For a Short Time is about a young woman who goes through many changes in her life, including realizing whom she truly loves.
WHAT IT’S ABOUT:
Keri has no idea who she really is anymore.
Raised in the Midwest, where catching frogs and shoveling manure is common practice, then spending several adult years traveling the country and hob-nobbing with celebrities and the elite, Keri returns to her roots. She now lives in her sister`s basement, wondering just who she really is anymore.
After a peculiar meeting with the Quinn cousins, Keith and Jeremy, Keri is determined to capture Keith`s attention. An actor, a tall, compelling man, elusive, even abrasive at times, Keith is particularly intriguing to a woman like Keri who is accustomed to capturing the heart of any man she`s ever wanted. Yet it was Jeremy, the humble cabinet-maker and owner of a misshapen dog named Scalawag, who leaped into a bon-fire to rescue a scrap of an old coat that had sentimental value for her.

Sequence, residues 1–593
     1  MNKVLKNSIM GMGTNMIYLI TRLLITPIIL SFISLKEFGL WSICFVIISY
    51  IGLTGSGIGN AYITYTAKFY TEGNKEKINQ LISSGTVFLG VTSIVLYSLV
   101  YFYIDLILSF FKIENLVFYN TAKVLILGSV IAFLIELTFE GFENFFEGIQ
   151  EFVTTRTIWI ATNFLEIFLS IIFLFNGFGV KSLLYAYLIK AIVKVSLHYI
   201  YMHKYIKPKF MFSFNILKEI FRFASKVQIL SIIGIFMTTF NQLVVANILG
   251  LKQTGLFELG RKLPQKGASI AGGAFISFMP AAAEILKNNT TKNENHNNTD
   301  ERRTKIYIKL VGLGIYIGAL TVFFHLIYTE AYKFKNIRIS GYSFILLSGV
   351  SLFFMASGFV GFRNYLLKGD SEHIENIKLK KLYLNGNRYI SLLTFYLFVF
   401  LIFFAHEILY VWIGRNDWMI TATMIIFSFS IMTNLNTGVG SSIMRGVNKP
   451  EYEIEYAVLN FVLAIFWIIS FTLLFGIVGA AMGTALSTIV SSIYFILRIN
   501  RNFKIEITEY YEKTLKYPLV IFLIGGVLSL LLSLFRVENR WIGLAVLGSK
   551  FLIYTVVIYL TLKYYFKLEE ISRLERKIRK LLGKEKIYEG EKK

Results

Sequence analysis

Following two episodes with the facial disorder, Bell`s Palsy, and after Jeremy has moved out of state, possibly to run from his heartbreak over her, Keri finally realizes not only who she really is─but who she needs to become.
But is it too late . . .
“It can’t be over between us, all the signs were there for you to finally be the right one for me,” Keri insisted.
“What signs?” Keith asked.
Keri stared into his shadowy face. Clinging tatters of mist drifted across it, obliterating his eyes for one moment, his mouth the next moment. The fog was cool and clammy to the skin in the dismal mist.
“The signs,” said Keri. “You know, the signs.” But, suddenly, she couldn‘t think of a one.
He turned his back on her, and began to fade away into the mist.